Ancient to modern air movement

Air movement has been manipulated for centuries. What’s the history?

By Randy Schrecengost April 19, 2022
Courtesy: CFE Media and Technology

Ancient man unknowingly began the efforts in the movement of air when they moved fires inside caves, tents or huts. According to numerous historical references, many of the original arrangements had central fire pits with an opening located at a higher elevation or in the roof for smoke to escape. This created a draft of air though not always efficient or effective — through any number of lower openings to enter the structure in which the fire was held.

The history of heating for comfort has been examined by reviewing central heating examples of hearths, fireplaces, stoves and even underfloor systems excavated in Greece as far back as 2500 B.C.

Air movement using underfloor heating systems may have first appeared in the Middle East when King Arzawa installed a system in his palace at Beycesutan, Turkey, about 1300 B.C. The Romans enhanced the technology about 80 B.C. with systems credited to the ancient Roman Sergius Orata. They not only heated the floor, with some systems introducing heated air through floor openings, but heated building walls as well.

Hero (or Heron) of Alexandria (10 to 70 A.D.) was a mathematician (geometer) and engineer in his native city of Alexandria, Roman Egypt. He’s credited with a wind-wheel operating an organ in about 60 A.D., marking the first instance in history of wind powering a machine. He also devised other simple systems with one engine that used air from a closed chamber heated by an altar fire to displace water from a sealed vessel. The water was collected and its weight, pulling on a rope, opened temple doors.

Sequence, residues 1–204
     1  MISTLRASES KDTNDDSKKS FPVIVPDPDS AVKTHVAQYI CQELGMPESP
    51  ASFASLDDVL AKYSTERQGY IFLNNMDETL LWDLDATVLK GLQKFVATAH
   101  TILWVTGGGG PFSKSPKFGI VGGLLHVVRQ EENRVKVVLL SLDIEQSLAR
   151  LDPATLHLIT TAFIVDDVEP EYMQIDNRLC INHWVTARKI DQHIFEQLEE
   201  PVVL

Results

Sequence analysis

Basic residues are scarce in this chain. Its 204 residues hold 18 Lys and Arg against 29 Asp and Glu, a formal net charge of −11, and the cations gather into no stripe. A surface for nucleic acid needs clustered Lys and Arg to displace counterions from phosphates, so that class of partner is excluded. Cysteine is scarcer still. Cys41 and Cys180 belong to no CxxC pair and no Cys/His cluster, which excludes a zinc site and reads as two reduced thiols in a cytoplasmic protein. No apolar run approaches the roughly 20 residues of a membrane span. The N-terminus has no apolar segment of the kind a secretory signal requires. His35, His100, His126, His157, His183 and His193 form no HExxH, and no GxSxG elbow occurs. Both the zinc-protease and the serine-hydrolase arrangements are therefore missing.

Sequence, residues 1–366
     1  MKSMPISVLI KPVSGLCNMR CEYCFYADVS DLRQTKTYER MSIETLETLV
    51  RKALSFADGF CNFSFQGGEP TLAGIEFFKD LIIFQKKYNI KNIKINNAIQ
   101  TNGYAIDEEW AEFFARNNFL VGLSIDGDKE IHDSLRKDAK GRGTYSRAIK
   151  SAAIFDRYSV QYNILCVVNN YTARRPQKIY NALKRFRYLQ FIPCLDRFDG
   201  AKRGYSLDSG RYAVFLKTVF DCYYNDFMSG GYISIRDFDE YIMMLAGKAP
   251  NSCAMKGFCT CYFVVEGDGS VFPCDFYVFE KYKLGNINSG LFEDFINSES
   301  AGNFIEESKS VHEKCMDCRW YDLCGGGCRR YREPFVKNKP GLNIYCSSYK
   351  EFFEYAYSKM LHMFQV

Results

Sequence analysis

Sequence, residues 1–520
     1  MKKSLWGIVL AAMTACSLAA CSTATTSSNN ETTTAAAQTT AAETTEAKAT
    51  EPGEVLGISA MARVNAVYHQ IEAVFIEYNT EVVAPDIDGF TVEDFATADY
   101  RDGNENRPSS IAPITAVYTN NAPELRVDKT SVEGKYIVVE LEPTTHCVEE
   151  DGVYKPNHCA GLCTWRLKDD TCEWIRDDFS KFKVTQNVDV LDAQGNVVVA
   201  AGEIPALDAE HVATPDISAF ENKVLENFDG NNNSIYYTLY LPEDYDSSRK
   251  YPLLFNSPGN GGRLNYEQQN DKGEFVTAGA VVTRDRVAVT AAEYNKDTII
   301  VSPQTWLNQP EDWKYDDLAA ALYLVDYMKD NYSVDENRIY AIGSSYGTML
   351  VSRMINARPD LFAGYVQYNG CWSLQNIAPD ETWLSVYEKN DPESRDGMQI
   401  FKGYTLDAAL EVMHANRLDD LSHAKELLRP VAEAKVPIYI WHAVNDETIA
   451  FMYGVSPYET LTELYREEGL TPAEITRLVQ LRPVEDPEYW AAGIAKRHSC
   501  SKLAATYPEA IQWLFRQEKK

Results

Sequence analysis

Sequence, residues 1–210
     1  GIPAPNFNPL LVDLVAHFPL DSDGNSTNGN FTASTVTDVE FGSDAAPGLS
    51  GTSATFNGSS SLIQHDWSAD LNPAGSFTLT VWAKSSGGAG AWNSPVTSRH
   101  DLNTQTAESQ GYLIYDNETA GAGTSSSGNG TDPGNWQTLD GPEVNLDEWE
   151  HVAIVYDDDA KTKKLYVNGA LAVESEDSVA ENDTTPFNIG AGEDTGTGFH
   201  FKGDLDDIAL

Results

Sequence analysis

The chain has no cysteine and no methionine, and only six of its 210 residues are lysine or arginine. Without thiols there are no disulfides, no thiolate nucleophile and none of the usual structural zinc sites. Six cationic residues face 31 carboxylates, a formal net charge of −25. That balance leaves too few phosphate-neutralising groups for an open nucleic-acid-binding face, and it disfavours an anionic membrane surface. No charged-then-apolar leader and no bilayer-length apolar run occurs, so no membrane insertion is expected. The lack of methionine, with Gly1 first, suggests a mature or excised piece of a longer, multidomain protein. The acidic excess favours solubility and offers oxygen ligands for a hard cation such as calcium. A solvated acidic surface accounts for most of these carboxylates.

Air movement was expanded as stone and clay brick fireplaces and stoves were installed as early as the 800s A.D. in early castles. These devices became common throughout Europe by the 1500s as well as in the United States. However, until about 1890, this science of heating and ventilation was still not well understood. Most of the work was done by contractors and very few of them were educated or had any formal training in engineering. Installations of systems for handling heated air, were based upon rules of thumb and relied heavily on calculations related to data in fan manufacturers’ catalogues.

Ultimately, more scientific consideration in both the manufacture of and the application of these air moving systems occurred. The Master Steam and Hot Water Fitters Association was formed in 1889 and in August 1894, a society of heating and ventilating engineers was formed and called themselves “The American Society of Heating and Ventilating Engineers.” This was the precursor to today’s ASHRAE.



Author Bio: Randy Schrecengost is a senior project manager and principal mechanical engineer with Stanley Consultants. He has extensive experience in design and in project and program management at all levels of engineering, energy consulting, facilities engineering and commissioning. He is currently ASHRAE Director Regional Chair for Region VIII and is a member of the Consulting-Specifying Engineer editorial advisory board.